With greenhouse gas emissions from transport representing around 20% of total UK domestic emissions, decarbonising transport must be part of the climate solution. Building a greener future means that low carbon travel must be a genuine, viable and attractive option for businesses and ordinary citizens. Scotland’s ambition is to phase out the need to buy petrol and diesel cars and vans and to decarbonise Scotland’s railways by 2035.

Glasgow helping to solve transport pollution in India

Researchers at Glasgow Caledonian University are looking to help solve India’s pollution problems – with a 3D-printed eco scooter. Prof. Farrag has received funding from the Royal Academy of Engineering to design and develop a prototype of an electric scooter, which will use a compact 3D-printed electric motor – powered by a solar battery – and a suitably modified chassis.

The need for an eco-friendlier scooter industry in India, which is home to 21 of the 30 most polluted cities in the world in 2020, was identified through discussion between GCU’s SMART Technology Centre and the Vellore Institute of Technology.

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University of Strathclyde part of consortium aiming to develop sustainable aircraft

The University of Strathclyde is part of a consortium created to develop more sustainable aircraft capable of short-haul operations across the Highlands and Islands.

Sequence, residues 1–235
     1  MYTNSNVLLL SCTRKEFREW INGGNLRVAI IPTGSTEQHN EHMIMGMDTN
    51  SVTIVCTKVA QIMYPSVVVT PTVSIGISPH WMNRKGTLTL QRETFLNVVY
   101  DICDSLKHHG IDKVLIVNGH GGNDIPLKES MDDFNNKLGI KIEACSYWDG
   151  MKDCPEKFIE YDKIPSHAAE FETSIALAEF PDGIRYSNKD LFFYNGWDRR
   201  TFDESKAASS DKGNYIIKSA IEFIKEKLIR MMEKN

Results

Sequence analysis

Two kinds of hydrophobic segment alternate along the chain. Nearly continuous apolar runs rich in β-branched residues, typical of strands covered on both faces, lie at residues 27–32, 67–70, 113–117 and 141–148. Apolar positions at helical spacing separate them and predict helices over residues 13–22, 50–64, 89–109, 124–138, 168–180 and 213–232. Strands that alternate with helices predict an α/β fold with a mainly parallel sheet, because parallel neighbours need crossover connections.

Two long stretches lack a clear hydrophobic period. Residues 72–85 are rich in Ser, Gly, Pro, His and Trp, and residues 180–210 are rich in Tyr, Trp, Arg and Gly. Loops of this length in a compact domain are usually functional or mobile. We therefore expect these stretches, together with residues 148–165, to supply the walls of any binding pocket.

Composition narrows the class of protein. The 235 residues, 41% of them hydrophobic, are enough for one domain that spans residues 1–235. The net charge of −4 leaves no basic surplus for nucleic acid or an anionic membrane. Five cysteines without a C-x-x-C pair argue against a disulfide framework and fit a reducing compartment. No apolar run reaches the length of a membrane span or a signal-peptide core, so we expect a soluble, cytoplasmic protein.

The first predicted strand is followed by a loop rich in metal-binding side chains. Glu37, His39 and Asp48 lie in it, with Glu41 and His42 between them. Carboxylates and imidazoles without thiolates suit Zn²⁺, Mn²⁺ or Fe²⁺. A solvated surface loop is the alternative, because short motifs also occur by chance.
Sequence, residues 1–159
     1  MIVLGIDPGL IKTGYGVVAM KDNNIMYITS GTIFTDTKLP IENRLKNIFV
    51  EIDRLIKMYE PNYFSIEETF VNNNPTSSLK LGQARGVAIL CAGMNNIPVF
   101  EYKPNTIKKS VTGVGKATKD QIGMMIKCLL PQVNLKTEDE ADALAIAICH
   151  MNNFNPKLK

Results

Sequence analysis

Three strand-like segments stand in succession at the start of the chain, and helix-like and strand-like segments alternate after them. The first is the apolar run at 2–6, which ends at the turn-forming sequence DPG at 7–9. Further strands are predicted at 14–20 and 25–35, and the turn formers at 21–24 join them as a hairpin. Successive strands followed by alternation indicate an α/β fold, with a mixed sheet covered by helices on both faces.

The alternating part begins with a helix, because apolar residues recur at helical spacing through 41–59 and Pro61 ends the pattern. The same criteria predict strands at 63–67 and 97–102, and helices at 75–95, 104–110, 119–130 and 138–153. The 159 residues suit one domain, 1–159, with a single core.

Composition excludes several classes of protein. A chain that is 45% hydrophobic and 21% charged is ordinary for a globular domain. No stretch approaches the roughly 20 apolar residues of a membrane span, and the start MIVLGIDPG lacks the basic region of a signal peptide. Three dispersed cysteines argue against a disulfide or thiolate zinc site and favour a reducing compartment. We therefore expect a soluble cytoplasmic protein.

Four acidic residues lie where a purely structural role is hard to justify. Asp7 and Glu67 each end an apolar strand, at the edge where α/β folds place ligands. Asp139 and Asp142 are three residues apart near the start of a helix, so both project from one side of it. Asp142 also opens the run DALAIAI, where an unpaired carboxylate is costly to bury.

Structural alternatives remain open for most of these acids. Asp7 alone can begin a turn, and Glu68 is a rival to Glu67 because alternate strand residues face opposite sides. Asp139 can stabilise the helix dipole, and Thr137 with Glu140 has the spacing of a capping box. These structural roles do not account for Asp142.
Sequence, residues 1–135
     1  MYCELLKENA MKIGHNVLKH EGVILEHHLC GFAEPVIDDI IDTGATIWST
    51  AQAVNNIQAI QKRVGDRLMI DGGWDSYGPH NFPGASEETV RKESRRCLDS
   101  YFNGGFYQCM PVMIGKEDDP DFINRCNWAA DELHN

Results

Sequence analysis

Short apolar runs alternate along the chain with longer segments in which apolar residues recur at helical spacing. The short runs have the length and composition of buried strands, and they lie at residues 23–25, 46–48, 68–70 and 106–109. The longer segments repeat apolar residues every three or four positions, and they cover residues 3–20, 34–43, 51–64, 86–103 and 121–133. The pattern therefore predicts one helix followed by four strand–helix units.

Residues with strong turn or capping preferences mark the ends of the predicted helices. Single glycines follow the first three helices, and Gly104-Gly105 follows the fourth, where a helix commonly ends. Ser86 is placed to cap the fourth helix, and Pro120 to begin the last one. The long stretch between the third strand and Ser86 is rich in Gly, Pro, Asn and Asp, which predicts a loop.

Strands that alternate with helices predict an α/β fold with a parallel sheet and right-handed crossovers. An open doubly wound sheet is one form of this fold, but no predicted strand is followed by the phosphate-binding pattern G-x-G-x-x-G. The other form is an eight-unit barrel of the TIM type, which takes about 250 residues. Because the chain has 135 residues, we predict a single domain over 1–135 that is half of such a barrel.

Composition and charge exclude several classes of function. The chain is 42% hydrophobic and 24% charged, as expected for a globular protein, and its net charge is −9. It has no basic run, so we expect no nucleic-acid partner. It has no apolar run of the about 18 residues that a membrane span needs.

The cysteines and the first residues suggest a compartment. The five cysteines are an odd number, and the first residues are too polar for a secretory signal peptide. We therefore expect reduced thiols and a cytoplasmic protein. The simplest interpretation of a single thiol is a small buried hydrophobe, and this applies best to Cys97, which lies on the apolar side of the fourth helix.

Strathclyde has partnered with Loganair, Rolls-Royce and the Centre for Modelling & Simulation (CFMS) for the six-month project, which is also being supported by Scottish Enterprise.

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Glasgow to use funding to support active travel network

Glasgow City Council will receive an additional £4.8 million in grant funding from Strathclyde Partnership for Transport (SPT), Smarter Choices Smarter Places (SCSP) and Cycling, Walking and Safer Routes (CWSR).

The funding will be used to improve the city’s sustainable transport network after being approved by the council’s City Administration Committee.

Smart car chargers coming to Glasgow in UK-first trial

Glasgow is one of just four regions across the nation will trial the world-leading initiative and were chosen due to high local demand for public EV chargers.

East Lothian, will also join the trial alongside Hackney and Shropshire in England. The move comes as part of the Agile Streets project, backed by the UK Government, which will make it easier and cheaper for EV owners who don’t have off-street parking to recharge their cars.

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Scotland’s largest college achieves cycling friendly status

City of Glasgow College has been awarded a national award which recognises the colleges ongoing commitment to increasing cycling as part of its commitment to reduce their carbon footprint.